The idea for sound first came about in 2004 when Mark Hope (Woodend Barn) and Pete Stollery (University of Aberdeen) got together to discuss how to bring more new music events to the north-east of Scotland.
In November 2004, a small four-day pilot festival (Upbeat!) was organised to gauge local interest. It included performances by Graham Fitkin, Ruth Wall and Ensemble Bash.
In 2005, the inaugral soundfestival was launched. In that first year, we found the flexible model we wanted, programming over 20 days with concerts across Aberdeen and shire. Music included Evelyn Glennie and the BBC SSO performing Sally Beamish’s Trance O’Nicht, the Edinburgh Quartet performing new works by Naresh Sohal and Kenneth Dempster, Bill Thompson, McKenzie Medboe and La Boum! An afternoon’s rehearsal and informal performance of James MacMillan’s Into the Ferment by a scratch community orchestra of local musicians aged from 11 to 88 years old, conducted by the composer, proved to be the most intensive and involving event.
In that initial year, our network of partner organisations had started to fall into place with Woodend Music Society, Aberdeen Jazz, Interesting Music Promotions, Monymusk Arts, Angus Arts, Strathdee Music Club and of course the University of Aberdeen and Woodend Barn all supporting the festival.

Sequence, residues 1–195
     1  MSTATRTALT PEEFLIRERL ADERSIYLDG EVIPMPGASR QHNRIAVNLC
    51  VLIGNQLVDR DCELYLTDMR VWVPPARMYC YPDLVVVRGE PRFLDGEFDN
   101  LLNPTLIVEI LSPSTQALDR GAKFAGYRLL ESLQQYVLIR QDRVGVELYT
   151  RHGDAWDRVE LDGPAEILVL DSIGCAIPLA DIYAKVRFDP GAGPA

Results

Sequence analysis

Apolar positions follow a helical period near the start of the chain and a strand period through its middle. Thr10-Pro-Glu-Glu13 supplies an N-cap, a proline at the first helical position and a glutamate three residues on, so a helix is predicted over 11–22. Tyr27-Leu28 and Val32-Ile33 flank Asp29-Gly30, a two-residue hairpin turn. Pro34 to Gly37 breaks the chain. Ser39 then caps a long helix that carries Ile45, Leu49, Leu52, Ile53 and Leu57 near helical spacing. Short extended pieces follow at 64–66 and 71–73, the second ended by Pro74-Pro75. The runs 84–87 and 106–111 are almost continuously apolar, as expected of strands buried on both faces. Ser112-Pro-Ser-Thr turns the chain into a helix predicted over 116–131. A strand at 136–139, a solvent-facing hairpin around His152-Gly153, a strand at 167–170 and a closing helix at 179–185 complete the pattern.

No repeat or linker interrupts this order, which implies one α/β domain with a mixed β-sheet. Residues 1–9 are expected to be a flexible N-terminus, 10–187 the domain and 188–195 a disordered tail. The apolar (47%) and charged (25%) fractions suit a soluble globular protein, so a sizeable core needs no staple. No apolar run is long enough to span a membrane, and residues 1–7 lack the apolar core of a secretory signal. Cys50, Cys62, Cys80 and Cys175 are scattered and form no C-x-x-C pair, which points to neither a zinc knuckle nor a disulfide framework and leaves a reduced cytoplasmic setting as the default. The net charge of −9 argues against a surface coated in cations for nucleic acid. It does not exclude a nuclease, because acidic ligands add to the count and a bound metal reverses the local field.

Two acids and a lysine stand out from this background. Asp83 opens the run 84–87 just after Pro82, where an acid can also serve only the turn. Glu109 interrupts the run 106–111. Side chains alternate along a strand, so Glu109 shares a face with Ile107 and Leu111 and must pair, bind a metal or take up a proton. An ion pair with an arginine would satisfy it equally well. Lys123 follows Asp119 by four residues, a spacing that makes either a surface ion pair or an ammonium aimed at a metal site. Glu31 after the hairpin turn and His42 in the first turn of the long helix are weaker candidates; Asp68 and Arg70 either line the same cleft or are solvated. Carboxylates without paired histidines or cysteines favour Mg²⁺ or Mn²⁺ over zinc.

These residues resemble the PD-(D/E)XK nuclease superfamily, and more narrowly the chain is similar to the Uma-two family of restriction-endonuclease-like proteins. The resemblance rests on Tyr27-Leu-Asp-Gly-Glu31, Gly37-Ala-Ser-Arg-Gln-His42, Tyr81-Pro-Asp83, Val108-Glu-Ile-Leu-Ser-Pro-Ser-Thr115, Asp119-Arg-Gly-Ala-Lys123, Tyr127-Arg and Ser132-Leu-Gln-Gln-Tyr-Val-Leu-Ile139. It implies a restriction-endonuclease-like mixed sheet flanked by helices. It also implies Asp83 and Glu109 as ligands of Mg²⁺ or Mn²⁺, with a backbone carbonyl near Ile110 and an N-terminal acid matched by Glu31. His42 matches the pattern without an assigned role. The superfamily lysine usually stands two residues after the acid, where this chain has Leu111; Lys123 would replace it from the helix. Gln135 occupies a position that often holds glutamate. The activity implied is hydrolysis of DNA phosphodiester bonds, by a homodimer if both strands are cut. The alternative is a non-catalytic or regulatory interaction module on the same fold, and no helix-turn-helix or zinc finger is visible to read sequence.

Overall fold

Over the years, the festival has morphed as we adapted and adjusted it. It has been as long as five weeks, and as short as 10 days. Spaces used for performances have changed as local arts organisations have taken part in some years and not in others. In 2008 we started doing themed weekends, allowing us to focus in on certain music or ideas over a few days.
The festival is now settled at 19 days, and is still programmed in a broad fashion with the participation of our partner network. We have grown over the years to become Scotland’s leading festival of new music, and sound itself has developed into a new music organisation with events and workshops throughout the year as well as during the annual festival.